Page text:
Now, you may be wondering why I would devote an entire article to dodgeball, because it could not possibly be that important. Well, after what I witnessed this past week, I would say that the activity, or lack thereof, is very important to the development of a child. We played a game of it every single day for the week, and it never got old. On the contrary, they could not get enough. The barricades, rule changes, and obstacles only enhanced it, and it was very pleasing to see these kids actually huddle up and create strategies, especially during our trench warfare day, while under no direction from me at all—I enlisted as a private, and followed orders from the “General” in charge during that particular game. It gave them a chance to get creative (surprising me with how elaborate they could get with a simple battle plan), learn, and more importantly, burn off some energy and just be a kid.

We live in a world where no one can be a loser anymore. In sports, everyone gets a trophy or a medal, and we, as a society, cannot tolerate someone’s feelings being hurt. Somehow, though people have been losing games of all types for thousands of years, we have to put an end to that, and give ourselves assurance that every child is special and every child, in the eyes of their parents, is God’s gift to the world and can do no wrong. We have seen it with youth sports, how parents get into full-blown arguments with each other in the stands, often leading to violence, or attacking the coaches because their child was not placed in a certain position in the batting order, or given a lot of ice time in a hockey game. We have even gone to take it a step further, by overreacting as much as we possibly can, and even inventing stigmas of our own, dodgeball being one of them. We have also over-complicated everything. No longer can we make assertions based on our own, personal observations and intuition, but we rely much on “experts” such as doctors, child psychiatrists, and therapists who will tell you about the horrors and psychological effects that a child’s mind is experiencing because he got hit with a ball or lost a game. (Of course they will! Because they need people lined up outside their offices to make a buck!)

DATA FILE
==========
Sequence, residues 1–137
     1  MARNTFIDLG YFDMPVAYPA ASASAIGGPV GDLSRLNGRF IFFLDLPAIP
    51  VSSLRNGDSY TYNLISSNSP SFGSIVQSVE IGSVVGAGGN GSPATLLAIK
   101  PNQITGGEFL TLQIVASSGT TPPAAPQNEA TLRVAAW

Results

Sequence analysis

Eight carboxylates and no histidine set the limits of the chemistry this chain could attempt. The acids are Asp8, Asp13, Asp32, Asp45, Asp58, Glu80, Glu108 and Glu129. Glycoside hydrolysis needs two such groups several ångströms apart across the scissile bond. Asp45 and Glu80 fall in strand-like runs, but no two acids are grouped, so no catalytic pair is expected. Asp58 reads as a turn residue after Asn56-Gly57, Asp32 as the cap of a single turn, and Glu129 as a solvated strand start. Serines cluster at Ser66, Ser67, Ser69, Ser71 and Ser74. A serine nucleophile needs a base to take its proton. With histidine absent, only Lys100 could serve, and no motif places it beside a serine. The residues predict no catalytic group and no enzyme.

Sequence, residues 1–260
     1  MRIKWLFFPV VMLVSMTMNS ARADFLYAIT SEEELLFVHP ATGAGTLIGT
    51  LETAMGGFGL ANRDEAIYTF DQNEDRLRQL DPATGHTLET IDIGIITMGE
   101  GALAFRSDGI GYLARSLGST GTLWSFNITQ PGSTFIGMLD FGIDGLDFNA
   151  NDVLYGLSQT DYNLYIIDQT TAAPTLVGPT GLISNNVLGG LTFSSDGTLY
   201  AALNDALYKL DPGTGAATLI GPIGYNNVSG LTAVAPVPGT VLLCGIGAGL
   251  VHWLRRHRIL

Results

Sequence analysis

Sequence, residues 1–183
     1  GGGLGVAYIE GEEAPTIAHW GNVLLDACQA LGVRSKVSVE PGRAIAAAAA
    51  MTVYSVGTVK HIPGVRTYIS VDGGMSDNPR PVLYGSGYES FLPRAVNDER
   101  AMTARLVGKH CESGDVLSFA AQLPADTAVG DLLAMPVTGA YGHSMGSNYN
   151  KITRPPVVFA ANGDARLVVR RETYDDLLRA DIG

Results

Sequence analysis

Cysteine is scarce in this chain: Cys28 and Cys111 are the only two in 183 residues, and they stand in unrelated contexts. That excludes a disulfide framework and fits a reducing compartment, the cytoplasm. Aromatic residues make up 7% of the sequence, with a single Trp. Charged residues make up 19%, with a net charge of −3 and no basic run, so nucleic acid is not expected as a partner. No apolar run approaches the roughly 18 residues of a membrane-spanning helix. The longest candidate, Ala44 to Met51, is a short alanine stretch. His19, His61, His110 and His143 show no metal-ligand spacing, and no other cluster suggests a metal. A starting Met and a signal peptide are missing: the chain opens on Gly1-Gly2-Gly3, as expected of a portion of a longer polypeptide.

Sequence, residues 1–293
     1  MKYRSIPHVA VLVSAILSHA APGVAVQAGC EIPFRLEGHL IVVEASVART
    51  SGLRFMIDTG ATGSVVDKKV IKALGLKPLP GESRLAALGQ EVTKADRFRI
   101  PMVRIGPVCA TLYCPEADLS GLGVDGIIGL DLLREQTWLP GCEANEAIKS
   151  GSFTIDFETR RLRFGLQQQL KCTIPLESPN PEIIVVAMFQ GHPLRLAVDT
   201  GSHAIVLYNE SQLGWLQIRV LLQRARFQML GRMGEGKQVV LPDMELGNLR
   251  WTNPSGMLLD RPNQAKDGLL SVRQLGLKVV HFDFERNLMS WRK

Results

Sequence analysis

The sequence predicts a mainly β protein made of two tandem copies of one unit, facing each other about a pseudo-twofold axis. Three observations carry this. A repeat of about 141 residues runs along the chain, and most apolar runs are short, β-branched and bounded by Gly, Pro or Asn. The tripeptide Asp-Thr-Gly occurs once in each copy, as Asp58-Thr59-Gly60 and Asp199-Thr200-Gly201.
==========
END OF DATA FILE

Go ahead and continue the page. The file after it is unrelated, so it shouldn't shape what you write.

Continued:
The only time I remember people crying when we played is if someone accidentally got hit dead in the face with a ball and did not have a chance to brace themselves. There was never a march to the nurse’s office, or any outrage from parents or students. Heck, if our parents were watching and someone got hurt, rather than sympathy tears and coddling, it was more like, “Ah, you’re fine! Get back out there!” Needless to say, no one died. But now, my goodness, the sport of dodgeball encourages victimization and promotes aggression, which will obviously lead to mental anguish, pain, suffering, and torture. How long before recess is banned all together, because little kids may fall and get hurt on the playground, and bigger kids may jam their fingers shooting basketballs?

The situation is not dire like those in power and those with agendas would make it seem. When we played this week, we did not even have dodgeballs—we used soccer balls and volleyballs, which as you can imagine, sting a little bit more than a plush-foam or light rubber ball. Kids were running all over the place, these balls flying through the air left and right, and do you want to know what happened? Everyone had fun. Nobody got hurt and nobody cried, not even in this extreme version (especially when one “army” was down to one last “soldier”, and the other side intentionally had to target that person to win the “battle”). Out of five days of playing, for an average of about an hour each day, only two kids got hit in the head, which were both by accident (I should know, since one of my lobs as an artillery shot landed right on the top of this kid’s head—no harm done). At the end of each day, they could not wait to come back to the school again for more. Why can’t this be the portrait of dodgeball and games like it? I guess laughter, smiles, and strategy needs to move over and make way for a dramatic shot of a kid lying on a stretcher in the back of an ambulance.